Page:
Boost Your Win/Loss Program with Answers to 5 Questions

Boost Your Win/Loss Program with Answers to 5 Questions

Last week, I gave a webinar for the Minnesota SCIP chapter entitled, Win/Loss Analysis: How to Capture and Keep the Business You Want. It was moderated by Michelle Winter of SCIP and Julie Johnson, Minnesota SCIP chapter leader. Check out my Win/Loss presentations to help boost your Win/loss program from my Slideshare presentations.

Boost Your Win Loss Program

There were 5 questions at the conclusion of my talk:

  1. How do you find out about your consumers, when you sell through distributors?

This company was in the medical field. You would conduct Win/Loss interviews with your distributors, who are doctors, very busy people. They also won’t give a Win/Loss interview for free. Another idea in this space is to hold focus groups. They could be in-person when you have a cluster of doctors who work close by each other. Or you could hold a digital focus group using Zoom or similar technology. Again, doctors and most medical professionals will not participate for free.

I like the idea of a focus group to get the doctors talking about why they do/don’t recommend your company’s medical product over a competitor’s. They will often enough egg each other on, and you will hear some great stories and gain some competitive intelligence. Sometimes, we get customer testimonials from these interviews or focus groups.

  1. How favorable are you to Win/Loss on-line surveys that are sent to new customers or to old customers that are no longer doing business with you?

People are tired of being surveyed. Everything is surveyed these days from an interaction with a bank teller depositing your check, cashing a check, or from cashiers in grocery stores who scan your items and take your money. I can understand why a postal clerk might survey patrons when they have provided a service beyond just taking your money in exchange for goods. The same is true of your relationship with B to B customers.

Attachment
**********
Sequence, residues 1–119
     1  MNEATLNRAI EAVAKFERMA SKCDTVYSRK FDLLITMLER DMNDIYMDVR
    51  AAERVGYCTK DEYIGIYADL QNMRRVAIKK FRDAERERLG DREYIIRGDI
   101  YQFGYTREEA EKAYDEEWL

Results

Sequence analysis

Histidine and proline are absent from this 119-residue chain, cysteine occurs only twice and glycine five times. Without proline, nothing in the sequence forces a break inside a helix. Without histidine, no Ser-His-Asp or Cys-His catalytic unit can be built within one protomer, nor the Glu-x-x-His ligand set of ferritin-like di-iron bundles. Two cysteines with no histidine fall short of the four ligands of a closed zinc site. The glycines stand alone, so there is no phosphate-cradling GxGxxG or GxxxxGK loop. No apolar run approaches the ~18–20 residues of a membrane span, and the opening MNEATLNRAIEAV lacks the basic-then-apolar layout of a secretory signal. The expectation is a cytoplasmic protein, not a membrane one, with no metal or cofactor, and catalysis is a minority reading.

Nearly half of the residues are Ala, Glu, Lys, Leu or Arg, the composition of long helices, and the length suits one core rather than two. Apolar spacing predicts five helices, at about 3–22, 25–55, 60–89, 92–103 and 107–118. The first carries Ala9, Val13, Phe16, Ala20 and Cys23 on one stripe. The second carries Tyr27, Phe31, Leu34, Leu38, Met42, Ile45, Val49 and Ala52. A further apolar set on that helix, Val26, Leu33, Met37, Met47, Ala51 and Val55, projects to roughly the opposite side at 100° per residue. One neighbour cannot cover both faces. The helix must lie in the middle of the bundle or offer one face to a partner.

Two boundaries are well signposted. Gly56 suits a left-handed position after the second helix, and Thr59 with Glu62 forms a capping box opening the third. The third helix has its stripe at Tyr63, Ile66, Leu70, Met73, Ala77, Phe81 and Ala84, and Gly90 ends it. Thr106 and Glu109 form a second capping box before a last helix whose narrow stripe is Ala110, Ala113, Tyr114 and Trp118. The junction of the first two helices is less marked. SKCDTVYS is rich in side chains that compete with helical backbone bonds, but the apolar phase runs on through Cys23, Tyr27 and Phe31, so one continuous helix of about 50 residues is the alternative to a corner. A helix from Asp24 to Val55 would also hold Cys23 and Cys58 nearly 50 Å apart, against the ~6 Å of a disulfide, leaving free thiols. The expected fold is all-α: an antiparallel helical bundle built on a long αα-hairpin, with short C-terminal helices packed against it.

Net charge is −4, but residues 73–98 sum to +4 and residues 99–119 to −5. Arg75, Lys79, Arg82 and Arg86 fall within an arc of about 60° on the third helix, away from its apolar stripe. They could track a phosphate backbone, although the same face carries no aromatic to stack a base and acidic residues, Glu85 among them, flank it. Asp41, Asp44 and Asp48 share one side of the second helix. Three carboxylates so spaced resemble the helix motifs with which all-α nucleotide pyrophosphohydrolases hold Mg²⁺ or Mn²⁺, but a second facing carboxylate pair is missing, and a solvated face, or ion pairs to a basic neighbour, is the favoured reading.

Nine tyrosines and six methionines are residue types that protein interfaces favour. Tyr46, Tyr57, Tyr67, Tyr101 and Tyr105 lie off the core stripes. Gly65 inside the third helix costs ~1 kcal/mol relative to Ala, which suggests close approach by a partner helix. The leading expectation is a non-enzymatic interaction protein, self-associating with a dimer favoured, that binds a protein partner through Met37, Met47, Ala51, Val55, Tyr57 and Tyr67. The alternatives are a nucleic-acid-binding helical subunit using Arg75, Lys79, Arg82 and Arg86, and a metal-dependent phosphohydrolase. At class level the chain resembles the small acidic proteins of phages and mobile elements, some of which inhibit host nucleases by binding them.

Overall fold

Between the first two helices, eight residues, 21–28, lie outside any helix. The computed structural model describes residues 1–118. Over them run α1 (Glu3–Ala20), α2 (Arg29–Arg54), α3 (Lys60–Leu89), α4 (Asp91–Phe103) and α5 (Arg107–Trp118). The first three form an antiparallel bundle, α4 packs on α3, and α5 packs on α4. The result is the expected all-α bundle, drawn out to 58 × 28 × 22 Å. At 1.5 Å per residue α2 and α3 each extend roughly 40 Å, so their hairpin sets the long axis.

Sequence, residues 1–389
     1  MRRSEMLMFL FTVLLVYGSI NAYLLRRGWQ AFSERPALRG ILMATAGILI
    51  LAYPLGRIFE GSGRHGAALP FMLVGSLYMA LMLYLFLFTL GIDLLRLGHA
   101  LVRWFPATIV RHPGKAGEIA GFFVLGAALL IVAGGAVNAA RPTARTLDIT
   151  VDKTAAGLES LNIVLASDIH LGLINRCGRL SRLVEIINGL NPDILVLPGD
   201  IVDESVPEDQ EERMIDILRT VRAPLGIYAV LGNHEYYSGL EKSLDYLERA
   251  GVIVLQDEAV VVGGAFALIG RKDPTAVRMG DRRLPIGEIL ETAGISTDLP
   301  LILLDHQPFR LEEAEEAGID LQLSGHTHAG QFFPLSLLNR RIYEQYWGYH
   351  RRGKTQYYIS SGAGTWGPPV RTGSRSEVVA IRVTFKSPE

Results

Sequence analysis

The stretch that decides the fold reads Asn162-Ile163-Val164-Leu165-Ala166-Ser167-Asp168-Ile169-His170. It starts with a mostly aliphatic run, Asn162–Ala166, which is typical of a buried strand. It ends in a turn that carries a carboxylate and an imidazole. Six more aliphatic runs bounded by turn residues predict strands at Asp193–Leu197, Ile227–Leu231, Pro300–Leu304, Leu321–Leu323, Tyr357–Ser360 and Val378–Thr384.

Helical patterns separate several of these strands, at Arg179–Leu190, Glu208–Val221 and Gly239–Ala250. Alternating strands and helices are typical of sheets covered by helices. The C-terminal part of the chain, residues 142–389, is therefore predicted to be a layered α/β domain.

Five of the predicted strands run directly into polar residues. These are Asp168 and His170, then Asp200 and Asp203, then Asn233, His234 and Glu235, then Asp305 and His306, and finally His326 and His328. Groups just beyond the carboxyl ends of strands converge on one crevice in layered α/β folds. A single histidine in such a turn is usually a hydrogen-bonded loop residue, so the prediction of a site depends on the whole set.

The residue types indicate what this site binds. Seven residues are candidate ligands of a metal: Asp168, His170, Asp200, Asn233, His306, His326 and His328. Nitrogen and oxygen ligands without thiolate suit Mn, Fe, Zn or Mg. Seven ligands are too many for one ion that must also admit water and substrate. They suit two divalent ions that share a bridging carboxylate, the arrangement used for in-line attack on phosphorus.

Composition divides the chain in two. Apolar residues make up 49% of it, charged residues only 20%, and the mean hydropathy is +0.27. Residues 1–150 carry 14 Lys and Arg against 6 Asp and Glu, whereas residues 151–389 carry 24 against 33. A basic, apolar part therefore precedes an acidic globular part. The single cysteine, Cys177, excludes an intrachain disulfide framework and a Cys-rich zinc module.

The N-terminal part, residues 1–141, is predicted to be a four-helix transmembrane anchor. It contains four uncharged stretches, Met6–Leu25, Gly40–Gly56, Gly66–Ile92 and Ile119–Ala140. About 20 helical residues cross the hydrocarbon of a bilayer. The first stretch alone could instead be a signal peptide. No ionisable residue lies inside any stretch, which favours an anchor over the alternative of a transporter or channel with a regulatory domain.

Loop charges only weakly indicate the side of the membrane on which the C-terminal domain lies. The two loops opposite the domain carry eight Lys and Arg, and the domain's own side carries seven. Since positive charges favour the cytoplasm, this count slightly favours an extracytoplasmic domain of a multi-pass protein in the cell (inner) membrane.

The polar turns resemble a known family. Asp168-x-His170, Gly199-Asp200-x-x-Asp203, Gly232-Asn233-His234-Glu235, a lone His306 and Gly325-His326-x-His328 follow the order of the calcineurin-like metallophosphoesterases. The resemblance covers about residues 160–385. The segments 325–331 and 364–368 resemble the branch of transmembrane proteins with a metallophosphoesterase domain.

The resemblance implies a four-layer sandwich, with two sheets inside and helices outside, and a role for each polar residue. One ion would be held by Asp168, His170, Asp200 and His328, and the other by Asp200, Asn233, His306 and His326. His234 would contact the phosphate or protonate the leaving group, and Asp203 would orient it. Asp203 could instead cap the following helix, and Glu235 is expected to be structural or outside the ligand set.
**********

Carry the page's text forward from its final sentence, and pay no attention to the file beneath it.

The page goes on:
You can get some useful information from people doing an on-line survey, if enough people take it. Keep the survey short: no more than 5 minutes. Let people know this before they take the survey. Tell them why you’re conducting the survey, and offer a potential prize like being put into a raffle for Amazon gift certificates.

Develop a value proposition that will entice them to take the survey. Experiment with several value propositions, and figure out the one that draws best, usually a different one for new or repeat customers versus those you lost. Also, develop and experiment with good email survey titles to get them to open up your email about the survey.

You will never get the in-depth information that you get from half hour Win/Loss conversations from an on-line survey. They do not replace in-depth conversations! But you will often get some reasons why people took the action they did, what product features they do/don’t like, and with any luck, the competition they considered whether win or loss. You’ll want to create a different survey for wins and losses to maximize the data you collect.